The chief complaint about U2's recent output has been the lack of conscious reinvention that marked their transition from The Joshua Tree's Americana to Achtung Baby's dystopian Berlin. Songs Of Innocence won't do much to change the perception that the Dubliners have become bland in their latter career, but there are some genuine moments of reassurance. Volcano - and try avoiding the word "erupts" with a title like that - erupts with the sort of industrious rock U2 once were known for (or at least adapted from Echo & The Bunnymen...), while Sleep Like A Baby Tonight trundles through sonic experimentation, the like of which the band has shown precious little time for since their 1990s zenith.

It's here that you notice that U2's signature sounds - The Edge's trademark guitar delay and Adam Clayton's often under-appreciated bass - have been reigned in. U2 albums always seemed to be more Bono's than the other three's, but the reflective nature - or, perhaps, the melange of producers (Danger Mouse, Adele's Paul Epworth, Ryan Tedder, Declan Gaffney and lifelong U2 collaborator Flood) - has contrived to smooth out the harder edges of their canon.

The final track, The Troubles even includes a guest vocal. Not their first (BB King guested on When Love Comes To Town) but in keeping with television's recent obsession with all things cold, dark and Nordic, U2 add Swedish singer Lykke Li, who is not cold and dark, to my knowledge, but is Nordic, to add some tonal variation to Bono's own singing (which takes off into Thom Yorke territory). Despite the title suggesting another attempt by Bono to commentate on Northern Ireland, the song itself is actually an amalgamation of thoughts on the women in his life, in particular wife Ali and mother Iris.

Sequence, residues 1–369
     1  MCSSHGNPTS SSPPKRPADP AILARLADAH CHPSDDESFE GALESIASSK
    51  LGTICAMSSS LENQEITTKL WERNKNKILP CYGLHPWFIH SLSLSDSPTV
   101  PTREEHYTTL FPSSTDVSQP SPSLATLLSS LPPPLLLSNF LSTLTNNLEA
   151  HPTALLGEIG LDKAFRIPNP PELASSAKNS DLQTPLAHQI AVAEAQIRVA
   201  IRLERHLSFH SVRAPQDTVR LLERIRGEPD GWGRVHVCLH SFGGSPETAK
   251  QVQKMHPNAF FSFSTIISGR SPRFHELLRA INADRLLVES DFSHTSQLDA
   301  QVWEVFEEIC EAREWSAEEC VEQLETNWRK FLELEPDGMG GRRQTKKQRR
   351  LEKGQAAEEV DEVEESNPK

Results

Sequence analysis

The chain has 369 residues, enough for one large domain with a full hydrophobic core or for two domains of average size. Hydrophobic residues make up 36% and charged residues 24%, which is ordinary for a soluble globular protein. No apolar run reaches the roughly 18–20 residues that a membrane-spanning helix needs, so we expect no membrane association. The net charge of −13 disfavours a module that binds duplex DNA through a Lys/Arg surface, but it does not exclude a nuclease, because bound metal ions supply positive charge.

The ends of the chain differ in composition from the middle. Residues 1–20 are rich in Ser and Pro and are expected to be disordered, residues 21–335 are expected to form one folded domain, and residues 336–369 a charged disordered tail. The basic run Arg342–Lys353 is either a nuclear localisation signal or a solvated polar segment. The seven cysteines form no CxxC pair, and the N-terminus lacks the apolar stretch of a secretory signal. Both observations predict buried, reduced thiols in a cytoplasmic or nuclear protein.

The overall impression of Songs Of Innocence is an album not rushed (it's taken two years to complete) but forced out because U2 have something to say. My question is whether anyone is listening. If they are, I can't help thinking that they - as I am - are wishing the band had something more dynamic to offer. Bowie returned with a surprise single and an even better album. U2 have returned with more of what they left us last time.